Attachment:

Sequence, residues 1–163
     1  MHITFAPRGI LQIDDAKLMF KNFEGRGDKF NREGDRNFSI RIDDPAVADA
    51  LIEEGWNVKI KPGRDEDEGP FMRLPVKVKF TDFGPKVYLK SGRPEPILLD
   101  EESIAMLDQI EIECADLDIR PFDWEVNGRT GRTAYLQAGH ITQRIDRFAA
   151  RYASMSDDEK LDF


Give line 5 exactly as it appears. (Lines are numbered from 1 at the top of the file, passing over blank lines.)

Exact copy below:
   151  RYASMSDDEK LDF